Today’s blog is written by Lauren Francis, Master’s Level Psychology Intern at Chrysalis Center. Lauren completed her course work for her Master’s Degree at Appalachian State University in April and is fulfilling her field placement requirements at our office as a Recovery Advocate for IOP and as an individual therapist offering pro-bono counseling.
Remember this scene from the movie Mean Girls? So many women can relate to this scene because, unfortunately, it is what many women do. We often put ourselves down for the way our bodies look or the food we eat. It has become such a natural part of conversation that most people don’t even realize they are doing it. I mean, what do we expect? The media tells us we must meet standards that are not achievable and that we should not stop pushing ourselves until we look like the airbrushed, PhotoShopped models in our favorite magazines. But those goals are unrealistic and dangerous. I am here to tell you to remember that no one looks like those pictures in the magazines, not even the models themselves.
It makes sense that women would come up with this sort of defense mechanism to combat the guilt and shame that society says you should feel for not having the “perfect body.” In fact, there is even a name for this phenomenon – fat talk. Mimi Nichter coined the term fat talk (3) and defines it as conversations one has with family or peers involving statements that shame her own body shape or weight. Research shows that fat talk endorses the thin ideal and is a prevalent form of communication within female friend groups (1,2,4,5). Some of the most commonly reported topics involved in fat talk consist of conversations regarding dieting and working out (1). Other common statements that can be considered fat talk are declarations such as “I’m so fat” or “my thighs look huge in these shorts” (3).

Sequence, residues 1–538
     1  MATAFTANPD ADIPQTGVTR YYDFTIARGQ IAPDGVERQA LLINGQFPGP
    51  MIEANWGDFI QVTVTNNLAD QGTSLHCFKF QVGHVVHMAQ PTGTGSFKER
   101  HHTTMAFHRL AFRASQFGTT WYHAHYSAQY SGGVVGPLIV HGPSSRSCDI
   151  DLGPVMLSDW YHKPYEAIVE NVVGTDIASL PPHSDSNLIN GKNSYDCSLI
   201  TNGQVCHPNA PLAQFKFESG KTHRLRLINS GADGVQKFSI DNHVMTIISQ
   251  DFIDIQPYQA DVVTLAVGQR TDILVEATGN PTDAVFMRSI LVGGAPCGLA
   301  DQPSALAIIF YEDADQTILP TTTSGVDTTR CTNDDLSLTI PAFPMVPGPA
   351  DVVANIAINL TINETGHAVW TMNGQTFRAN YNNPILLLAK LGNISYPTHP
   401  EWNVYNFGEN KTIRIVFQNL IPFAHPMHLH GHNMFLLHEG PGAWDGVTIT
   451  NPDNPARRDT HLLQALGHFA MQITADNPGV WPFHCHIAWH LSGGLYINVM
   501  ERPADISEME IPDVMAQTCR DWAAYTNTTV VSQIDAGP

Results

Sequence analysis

Significant positive correlations have found between higher levels of fat talk and disordered eating in friend groups. Additionally, those who reported more exposure to fat talk also reported more participation in fat talk later on (2). This suggests that once individuals are exposed to fat talk, they are more likely to participate in fat talk themselves, and therefore develop a higher risk for engagement in disordered eating behaviors. The occurrence of fat talk — in most forms — seems to promote rumination surrounding negative feelings one may have about his or her body. This ruminative thought process has the potential to turn into co-rumination, or the tendency to extensively discuss problems, concerns, or negative feelings with peers, which has been found to be significantly associated with increases in disordered eating behaviors (5). Conversely, it has been shown that individuals who have diagnosed eating disorders participate in fat talk significantly more frequently than those who are not diagnosed with an eating disorder (4) speaking to the bidirectional nature of this issue.
While research related to fat talk is still in the beginning stages, based on what we know so far, it seems that this seemingly harmless form of communication is much more dangerous than we once thought. So, what can we do to stop it? Well, the first step is being informed. Having a term for what you are hearing and then, understanding its impact, are essential in making a difference. Secondly, try acting as an advocate to end fat talk. When you hear a friend or family member saying negative things about their bodies, have them read this blog or explain what you know about fat talk to them. Finally, send positive messages to those around you. Make statements about peoples’ intelligence or strengths rather than their physical appearance. It is time to start empowering each other to realize that what truly matters is much more than what we see in the mirror.
1)Bardone-Cone, A. M., Balk, M., Lin, S. L., Fitzsimmons-Craft, E. E., & Goodman, E. L. (2016). Female friendships and relations with disordered eating. Journal of Social and Clinical Psychology, 35, 781-805. doi:10.1521/jscp.2016.35.9.781
2)Cruwys, T., Leverington, C. T., & Sheldon, A. M. (2016). An experimental investigation of the consequences and social functions of fat talk in friendship groups. International Journal of Eating Disorders, 49, 84-91. doi:10.1002/eat.22446
3)Nichter, M. (2000). Fat talk: What girls and their parents say about dieting. Cambridge, MA: Harvard University Press.
4)Ousley, L., Cordero, E. D., & White, S. (2008). Fat talk among college students: How undergraduates communicate regarding food and body weight, shape & appearance. Eating Disorders, 16, 73-84. doi:10.1080/10640260701773546
5)Rudiger, J. A. & Winstead, B. A. (2013). Body talk and body-related co-rumination: Associations with body image, eating attitudes, and psychological adjustment. Body Image, 10, 462-471. doi:10.1016/j.bodyim.2013.07.010